Step 9: Test Fit the Support, Mark and Drill Mounting Holes

Picture of Test Fit the Support, Mark and Drill Mounting Holes

Next, test fit the support to make sure everything fits nicely. Then put the slide and lock box in place and mark the location with a pencil on the support. Make sure that the location you mark works in both the open and closed position.

Match drill the support piece and the slide in your marked location. Make sure to choose locations in the center of the slide so that there is clearance when the slide is closed. If you get too close to the edge, the screws, even if flat head, will prevent the slide from closing. I overlooked this simple fact on my first attempt!

Step 10: Permanently Install Support and Slide

Picture of Permanently Install Support and Slide

Now that everything has been cut and mounting holes drilled, install the support and glide permanently. I used 1/4"-20 machine screws for this purpose. Don't forget to use lock washers to keep everything tight over time.

Step 11: Verify Operation

Picture of Verify Operation

Finally, make sure there is no interference when you move the seat. Make sure that there is no chance of wiring getting in the way when you move the seat or when you pull the lock box in or out. I had to use a couple of zip ties to keep some wiring out of the way.

Step 12: Enjoy Your New Hidden Sliding Lock Box!

Picture of Enjoy Your New Hidden Sliding Lock Box!

Now you are ready to enjoy your new hidden sliding lock box! For a little added security, use the included safety cable that comes with the NanoVault or most other lock boxes. Wrap the security cable around something strong, the seat support in my case, then insert the end of the cable into the lock box through the security slot before you lock it. Now you have a safe method to secure your valuables in your vehicle!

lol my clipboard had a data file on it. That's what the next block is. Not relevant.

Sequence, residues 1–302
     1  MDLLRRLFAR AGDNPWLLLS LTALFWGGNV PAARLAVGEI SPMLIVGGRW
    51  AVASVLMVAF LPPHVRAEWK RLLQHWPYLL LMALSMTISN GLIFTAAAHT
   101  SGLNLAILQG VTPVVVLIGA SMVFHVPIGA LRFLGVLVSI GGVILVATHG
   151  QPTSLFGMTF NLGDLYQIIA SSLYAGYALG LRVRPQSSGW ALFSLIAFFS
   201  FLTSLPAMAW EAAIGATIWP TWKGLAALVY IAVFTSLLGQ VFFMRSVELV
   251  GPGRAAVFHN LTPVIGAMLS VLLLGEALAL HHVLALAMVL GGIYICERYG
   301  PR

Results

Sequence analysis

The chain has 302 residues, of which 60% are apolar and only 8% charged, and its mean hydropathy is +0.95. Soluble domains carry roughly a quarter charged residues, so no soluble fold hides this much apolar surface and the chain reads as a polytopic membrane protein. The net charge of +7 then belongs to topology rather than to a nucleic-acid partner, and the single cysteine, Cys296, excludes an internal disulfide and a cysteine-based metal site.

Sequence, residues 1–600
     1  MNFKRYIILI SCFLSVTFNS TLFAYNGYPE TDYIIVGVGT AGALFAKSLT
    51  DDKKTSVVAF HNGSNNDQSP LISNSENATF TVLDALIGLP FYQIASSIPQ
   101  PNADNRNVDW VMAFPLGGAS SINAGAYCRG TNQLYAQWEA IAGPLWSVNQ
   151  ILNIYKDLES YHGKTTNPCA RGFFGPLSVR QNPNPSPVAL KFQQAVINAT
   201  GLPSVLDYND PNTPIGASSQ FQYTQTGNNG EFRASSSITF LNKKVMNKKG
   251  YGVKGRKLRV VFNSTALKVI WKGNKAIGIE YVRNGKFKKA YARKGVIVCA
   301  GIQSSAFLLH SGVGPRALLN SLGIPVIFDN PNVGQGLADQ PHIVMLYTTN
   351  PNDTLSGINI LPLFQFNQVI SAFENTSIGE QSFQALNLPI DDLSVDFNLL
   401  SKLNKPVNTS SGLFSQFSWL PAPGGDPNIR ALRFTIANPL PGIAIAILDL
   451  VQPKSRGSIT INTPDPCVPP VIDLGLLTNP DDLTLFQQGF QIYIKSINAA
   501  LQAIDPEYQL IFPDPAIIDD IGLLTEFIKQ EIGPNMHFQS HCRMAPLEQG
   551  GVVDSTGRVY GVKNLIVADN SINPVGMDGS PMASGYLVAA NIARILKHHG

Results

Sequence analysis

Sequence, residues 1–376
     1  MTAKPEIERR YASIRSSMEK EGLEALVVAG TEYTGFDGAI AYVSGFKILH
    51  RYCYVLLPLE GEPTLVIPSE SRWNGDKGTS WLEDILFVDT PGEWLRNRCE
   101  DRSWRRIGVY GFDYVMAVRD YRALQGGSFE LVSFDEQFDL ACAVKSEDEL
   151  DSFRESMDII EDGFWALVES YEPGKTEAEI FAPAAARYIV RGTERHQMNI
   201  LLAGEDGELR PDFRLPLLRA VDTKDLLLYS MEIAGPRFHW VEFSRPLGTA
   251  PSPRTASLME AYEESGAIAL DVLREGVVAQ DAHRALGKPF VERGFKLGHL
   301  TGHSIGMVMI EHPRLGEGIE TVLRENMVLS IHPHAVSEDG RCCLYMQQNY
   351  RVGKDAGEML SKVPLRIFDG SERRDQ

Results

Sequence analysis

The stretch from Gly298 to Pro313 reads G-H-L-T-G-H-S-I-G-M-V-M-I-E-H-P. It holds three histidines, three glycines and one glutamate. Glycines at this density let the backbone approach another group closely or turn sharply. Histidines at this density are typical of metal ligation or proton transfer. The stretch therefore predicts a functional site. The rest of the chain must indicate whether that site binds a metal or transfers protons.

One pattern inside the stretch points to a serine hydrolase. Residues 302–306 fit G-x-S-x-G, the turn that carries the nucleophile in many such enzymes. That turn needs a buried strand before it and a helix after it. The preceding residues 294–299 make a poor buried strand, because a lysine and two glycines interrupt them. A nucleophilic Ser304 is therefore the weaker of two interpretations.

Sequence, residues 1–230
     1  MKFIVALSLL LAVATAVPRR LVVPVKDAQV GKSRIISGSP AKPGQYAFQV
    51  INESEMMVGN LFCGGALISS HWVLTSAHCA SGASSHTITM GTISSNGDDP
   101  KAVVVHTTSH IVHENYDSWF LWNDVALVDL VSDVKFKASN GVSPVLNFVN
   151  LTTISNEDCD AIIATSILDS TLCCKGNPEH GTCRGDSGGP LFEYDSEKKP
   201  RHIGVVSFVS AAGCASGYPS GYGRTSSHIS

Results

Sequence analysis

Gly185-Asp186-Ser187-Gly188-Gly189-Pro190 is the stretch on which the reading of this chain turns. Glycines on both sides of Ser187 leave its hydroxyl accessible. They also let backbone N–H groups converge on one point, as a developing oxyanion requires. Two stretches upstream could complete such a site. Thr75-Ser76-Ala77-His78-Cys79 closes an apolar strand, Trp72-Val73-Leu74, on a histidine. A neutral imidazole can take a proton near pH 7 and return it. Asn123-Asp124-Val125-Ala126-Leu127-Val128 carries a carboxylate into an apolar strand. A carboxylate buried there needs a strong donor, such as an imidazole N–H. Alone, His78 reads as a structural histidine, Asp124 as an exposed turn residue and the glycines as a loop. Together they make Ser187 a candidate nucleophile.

Comments

WoodieWannabe (author)2015-10-05

I'm lucky - my car has something very similar, built in, standard feature! Admittedly, it's more of a drawer, not lockable.

live4ktm (author)2014-11-10

Awesome! Thank you for the idea.

ryanburton (author)2014-10-31

Be careful with the legality of this one. I don't know if it counts as a "trap" (a hidden compartment built into a vehicle with the intent to conceal and transport contraband). There was a story in "Wired" magazine about a guy named Alfred Anaya who is doing 20 years in a federal prison for building secret compartments into cars. I don't know if this would count, but be careful.

geoffreyf (author)ryanburton2014-11-10

It's only illegal if there is intent to conceal contraband. The guy you refer to actively promoted his work for that purpose.

matta26 (author)ryanburton2014-10-31

Thanks for the feedback ryanburton! I don't think this would be considered a hidden compartment. These lock boxes are designed and marketed for use in vehicles or other mobile environments. With that being said, my intent of this instructable is to cater towards law abiding citizens. I do not condone this to store contraband of any kind. Appreciate the comment, hopefully it will deter people for using this for illegal activities!

b15h0p32123 (author)2014-10-30

It is hidden, I will give you that. But it looks like you could rip it off if you really thoight there was something worthwhile in there. I may be wrong; just some food for thought. Good instructable though!

matta26 (author)b15h0p321232014-10-30

Actually the seat provides a great barrier to prevent someone from ripping it out. They would have to completely destroy the slide and I did use security bolts to keep someone from just unbolting it. However, if you notice the last step, I recommend using the security cable wrapped around a structural component in the vehicle. This would require a thief to have bolt cutters in addition to breaking the slide and aluminum bracket the box is attached to. Not saying it can't be done, just far better than a glove box or console or anything stock in a vehicle for storing valuables out of sight. Thanks for the comment.

b15h0p32123 (author)matta262014-10-30

I do apolagize I missed the part about security cable, if you attached it to the mounts for the seat then that would deffinately pose a problem to any intruder!

3366carlos (author)2014-10-30

excellent

wilgubeast (author)2014-10-24

Clever hiding space for your stuff. And not subject to search without a warrant or probable cause, if you're into that sort of thing.